It is often repeated that Francis Frith (1822-1898) traveled in Egypt with an entourage of assistants and staff. We know at least one of the English members of the team, Francis Herbert Wenham (1824-1908) seen at the right and possibly Wenham’s wife since Frith, pictured with the gun, was not yet married. But who were the other assistants and what role did they play in making these photographs?
Frith made three journeys to the Middle East. His first trip was in 1856, photographing the statues and ruins of Egypt. The sale of these photographs financed his next trip to Palestine, Syria, and Egypt in late 1857. Frith published the second group of images in various formats between 1858 and 1860. In the summer of 1859, Frith returned to Egypt for one final expedition.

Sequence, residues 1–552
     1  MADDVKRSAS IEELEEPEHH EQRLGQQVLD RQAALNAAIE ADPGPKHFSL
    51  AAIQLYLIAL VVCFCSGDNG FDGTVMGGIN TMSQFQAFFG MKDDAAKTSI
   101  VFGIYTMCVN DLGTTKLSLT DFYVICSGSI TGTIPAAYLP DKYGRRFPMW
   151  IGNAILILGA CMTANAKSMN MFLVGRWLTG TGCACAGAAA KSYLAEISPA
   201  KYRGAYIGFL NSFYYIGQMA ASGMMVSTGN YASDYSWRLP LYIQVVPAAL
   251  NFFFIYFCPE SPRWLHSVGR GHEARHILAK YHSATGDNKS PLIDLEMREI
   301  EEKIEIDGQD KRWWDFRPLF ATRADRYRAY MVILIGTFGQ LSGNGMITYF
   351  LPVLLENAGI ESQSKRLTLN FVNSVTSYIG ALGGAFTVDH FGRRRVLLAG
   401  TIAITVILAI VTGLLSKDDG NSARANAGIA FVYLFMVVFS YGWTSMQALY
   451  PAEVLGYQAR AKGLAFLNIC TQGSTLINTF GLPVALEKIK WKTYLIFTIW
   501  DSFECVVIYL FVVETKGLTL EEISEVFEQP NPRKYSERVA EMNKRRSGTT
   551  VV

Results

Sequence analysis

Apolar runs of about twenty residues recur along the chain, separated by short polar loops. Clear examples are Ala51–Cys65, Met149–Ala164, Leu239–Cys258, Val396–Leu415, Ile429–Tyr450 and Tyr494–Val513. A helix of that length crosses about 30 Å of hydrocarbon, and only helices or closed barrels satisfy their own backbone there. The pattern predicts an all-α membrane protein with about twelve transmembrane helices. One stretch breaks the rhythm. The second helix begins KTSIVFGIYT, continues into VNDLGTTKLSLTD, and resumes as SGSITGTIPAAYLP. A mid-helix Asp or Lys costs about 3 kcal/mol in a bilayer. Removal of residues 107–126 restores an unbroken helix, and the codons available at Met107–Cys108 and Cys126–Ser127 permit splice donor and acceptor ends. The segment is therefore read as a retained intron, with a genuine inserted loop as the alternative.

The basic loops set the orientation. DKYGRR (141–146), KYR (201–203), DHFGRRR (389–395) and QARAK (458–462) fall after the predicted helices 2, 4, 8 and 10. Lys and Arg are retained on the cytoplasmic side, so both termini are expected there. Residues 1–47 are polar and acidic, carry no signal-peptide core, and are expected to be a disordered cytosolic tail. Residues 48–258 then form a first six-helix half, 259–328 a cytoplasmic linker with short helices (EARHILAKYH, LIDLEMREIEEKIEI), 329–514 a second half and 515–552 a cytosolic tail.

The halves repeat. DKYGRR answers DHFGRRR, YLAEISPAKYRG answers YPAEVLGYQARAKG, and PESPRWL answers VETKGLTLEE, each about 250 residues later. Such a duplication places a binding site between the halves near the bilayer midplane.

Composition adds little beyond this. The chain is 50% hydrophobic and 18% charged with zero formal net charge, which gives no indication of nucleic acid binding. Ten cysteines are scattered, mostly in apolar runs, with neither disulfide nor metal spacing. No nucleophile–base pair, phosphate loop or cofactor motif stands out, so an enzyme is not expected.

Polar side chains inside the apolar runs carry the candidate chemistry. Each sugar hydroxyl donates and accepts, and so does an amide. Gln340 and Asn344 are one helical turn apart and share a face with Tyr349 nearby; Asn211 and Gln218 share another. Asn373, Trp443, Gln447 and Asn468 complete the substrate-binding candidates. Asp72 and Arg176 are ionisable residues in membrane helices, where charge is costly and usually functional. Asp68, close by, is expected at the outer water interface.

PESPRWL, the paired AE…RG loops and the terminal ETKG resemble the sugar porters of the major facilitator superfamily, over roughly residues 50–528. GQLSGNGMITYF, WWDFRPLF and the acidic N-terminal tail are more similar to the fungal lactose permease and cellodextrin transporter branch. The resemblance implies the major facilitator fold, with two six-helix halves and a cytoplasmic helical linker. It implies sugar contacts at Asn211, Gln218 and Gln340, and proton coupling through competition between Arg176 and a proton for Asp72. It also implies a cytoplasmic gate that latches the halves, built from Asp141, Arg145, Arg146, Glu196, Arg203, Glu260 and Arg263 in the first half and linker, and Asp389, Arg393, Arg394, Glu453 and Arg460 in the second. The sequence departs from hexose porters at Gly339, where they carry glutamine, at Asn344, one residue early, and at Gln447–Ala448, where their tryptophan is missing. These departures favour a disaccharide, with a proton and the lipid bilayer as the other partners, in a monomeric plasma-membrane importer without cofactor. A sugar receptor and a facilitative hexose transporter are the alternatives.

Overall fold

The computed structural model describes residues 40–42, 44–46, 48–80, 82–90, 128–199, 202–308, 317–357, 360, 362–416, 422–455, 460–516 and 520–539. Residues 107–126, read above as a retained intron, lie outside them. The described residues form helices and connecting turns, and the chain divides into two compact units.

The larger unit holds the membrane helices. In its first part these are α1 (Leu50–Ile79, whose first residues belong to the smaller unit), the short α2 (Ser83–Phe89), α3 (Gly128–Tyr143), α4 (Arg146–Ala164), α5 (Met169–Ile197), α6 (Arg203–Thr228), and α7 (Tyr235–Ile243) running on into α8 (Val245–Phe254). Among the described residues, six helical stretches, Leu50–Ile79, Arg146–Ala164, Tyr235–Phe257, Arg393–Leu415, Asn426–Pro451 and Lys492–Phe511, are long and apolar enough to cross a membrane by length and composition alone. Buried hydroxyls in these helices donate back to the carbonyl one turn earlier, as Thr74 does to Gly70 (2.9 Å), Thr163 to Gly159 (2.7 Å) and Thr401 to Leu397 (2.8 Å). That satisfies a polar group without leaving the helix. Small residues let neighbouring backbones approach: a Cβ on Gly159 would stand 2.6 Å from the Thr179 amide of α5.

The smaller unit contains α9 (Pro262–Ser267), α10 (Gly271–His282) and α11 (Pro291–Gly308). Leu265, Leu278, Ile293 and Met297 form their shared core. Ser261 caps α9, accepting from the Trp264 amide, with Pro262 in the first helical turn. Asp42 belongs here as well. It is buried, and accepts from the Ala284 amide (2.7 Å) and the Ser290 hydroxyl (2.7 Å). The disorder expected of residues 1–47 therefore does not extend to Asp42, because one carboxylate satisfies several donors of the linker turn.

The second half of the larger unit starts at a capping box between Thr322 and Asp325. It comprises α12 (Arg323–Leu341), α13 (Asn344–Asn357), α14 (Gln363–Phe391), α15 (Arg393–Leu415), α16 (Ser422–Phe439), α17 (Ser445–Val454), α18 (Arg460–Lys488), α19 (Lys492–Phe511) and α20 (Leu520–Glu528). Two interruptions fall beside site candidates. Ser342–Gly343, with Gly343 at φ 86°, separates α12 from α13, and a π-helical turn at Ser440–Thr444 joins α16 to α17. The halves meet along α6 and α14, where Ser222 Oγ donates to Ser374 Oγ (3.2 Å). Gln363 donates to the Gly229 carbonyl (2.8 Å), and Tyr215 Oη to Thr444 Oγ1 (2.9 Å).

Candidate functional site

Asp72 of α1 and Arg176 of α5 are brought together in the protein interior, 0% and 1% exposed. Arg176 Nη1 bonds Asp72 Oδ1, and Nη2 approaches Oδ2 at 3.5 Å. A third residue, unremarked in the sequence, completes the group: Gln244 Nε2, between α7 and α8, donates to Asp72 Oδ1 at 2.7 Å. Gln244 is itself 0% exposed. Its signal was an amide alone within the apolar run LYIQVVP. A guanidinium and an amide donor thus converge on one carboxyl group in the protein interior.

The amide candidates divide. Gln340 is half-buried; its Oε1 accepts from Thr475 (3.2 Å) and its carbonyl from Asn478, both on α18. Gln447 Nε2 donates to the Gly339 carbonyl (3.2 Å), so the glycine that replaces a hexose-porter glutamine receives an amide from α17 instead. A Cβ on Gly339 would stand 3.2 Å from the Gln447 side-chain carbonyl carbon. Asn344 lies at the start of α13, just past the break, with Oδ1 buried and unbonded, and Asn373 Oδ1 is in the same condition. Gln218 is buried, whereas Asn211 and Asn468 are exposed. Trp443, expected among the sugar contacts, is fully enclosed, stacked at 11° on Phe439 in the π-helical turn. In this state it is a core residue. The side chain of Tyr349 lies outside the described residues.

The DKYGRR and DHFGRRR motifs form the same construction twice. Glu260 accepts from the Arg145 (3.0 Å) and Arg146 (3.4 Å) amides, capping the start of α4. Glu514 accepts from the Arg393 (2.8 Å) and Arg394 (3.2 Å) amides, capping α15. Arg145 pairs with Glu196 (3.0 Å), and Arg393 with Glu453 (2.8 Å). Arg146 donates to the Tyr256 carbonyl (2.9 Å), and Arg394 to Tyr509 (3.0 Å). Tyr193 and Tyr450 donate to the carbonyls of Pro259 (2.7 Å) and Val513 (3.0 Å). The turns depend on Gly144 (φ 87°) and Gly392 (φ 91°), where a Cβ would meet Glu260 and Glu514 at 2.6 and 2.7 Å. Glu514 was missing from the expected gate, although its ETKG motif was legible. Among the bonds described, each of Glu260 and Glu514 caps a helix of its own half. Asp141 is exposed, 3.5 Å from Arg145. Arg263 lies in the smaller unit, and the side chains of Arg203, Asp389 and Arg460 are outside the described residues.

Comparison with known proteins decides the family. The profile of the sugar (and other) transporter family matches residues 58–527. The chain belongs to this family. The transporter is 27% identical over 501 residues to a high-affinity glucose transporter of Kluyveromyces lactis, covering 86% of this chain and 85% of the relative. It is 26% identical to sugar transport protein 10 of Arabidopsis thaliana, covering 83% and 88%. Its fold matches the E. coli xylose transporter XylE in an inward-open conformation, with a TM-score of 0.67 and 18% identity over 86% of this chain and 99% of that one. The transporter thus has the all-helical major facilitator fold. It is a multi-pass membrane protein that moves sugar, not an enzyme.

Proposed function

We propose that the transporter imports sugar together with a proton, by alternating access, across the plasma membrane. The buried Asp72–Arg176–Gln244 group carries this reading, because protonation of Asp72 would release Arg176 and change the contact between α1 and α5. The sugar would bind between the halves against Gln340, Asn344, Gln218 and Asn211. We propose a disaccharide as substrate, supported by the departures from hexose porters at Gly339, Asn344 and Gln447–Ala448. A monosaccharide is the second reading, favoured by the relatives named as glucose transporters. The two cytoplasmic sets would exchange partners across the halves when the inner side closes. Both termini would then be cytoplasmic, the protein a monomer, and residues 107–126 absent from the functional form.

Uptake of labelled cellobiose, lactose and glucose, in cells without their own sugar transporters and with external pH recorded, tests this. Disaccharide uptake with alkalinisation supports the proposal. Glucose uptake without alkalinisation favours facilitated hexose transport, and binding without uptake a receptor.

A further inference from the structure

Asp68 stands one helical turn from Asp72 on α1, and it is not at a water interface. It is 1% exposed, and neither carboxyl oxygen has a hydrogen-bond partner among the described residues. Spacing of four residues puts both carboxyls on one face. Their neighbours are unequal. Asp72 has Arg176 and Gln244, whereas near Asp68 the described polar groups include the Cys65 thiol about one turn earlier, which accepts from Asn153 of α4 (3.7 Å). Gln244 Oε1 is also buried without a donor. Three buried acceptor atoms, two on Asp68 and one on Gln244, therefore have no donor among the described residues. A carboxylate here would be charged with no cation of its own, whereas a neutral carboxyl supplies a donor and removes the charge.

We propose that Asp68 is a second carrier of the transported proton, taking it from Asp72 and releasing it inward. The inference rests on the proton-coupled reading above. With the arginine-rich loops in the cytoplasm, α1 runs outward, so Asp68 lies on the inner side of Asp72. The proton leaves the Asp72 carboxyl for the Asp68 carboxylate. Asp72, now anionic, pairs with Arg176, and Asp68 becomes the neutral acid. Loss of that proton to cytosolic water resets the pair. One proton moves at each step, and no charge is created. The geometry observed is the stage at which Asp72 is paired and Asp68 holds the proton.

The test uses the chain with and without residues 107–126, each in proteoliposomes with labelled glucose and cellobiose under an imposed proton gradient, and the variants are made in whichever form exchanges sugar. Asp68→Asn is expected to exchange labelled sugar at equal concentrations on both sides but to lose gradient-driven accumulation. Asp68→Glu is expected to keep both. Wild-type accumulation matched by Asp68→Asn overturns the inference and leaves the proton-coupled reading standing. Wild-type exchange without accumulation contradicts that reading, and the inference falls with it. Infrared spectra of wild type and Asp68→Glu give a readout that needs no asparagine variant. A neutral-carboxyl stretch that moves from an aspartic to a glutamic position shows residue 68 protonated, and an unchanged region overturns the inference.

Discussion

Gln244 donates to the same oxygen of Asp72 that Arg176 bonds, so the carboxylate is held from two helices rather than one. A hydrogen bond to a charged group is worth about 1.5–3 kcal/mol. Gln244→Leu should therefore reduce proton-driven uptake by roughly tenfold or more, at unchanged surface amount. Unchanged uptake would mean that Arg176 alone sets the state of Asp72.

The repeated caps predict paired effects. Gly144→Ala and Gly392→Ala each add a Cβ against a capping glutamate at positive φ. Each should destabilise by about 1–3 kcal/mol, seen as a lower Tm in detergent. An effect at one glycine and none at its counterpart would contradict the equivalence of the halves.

We pulled Egypt and Palestine with his 1857 prints for the ART 454 Seminar in the History of Photography taught by Anna Arabindan Kesson and Anne McCauley, which gave us the opportunity to look at the people who accompanied Frith on his trip. Unfortunately, none of them are identified by name in the text.
In his book Francis Frith in Egypt and Palestine, Douglas Nickel writes, “Frith incorporated staffage natives–“designedly place.” as he indicates–into about half of the images in his albums. These inclusions are not systematic or uniform–they vary in number and in the manner of deployment within the scene, for instance, and the figures often, but not always, represent various hired members of Frith’s traveling party. Visually, the figures are (with the exception of the party’s dragoman guide) undifferentiable as Turks, Arabs, Nubians, etc.; here again, they are meant to serve as one synthetic type, the Oriental.”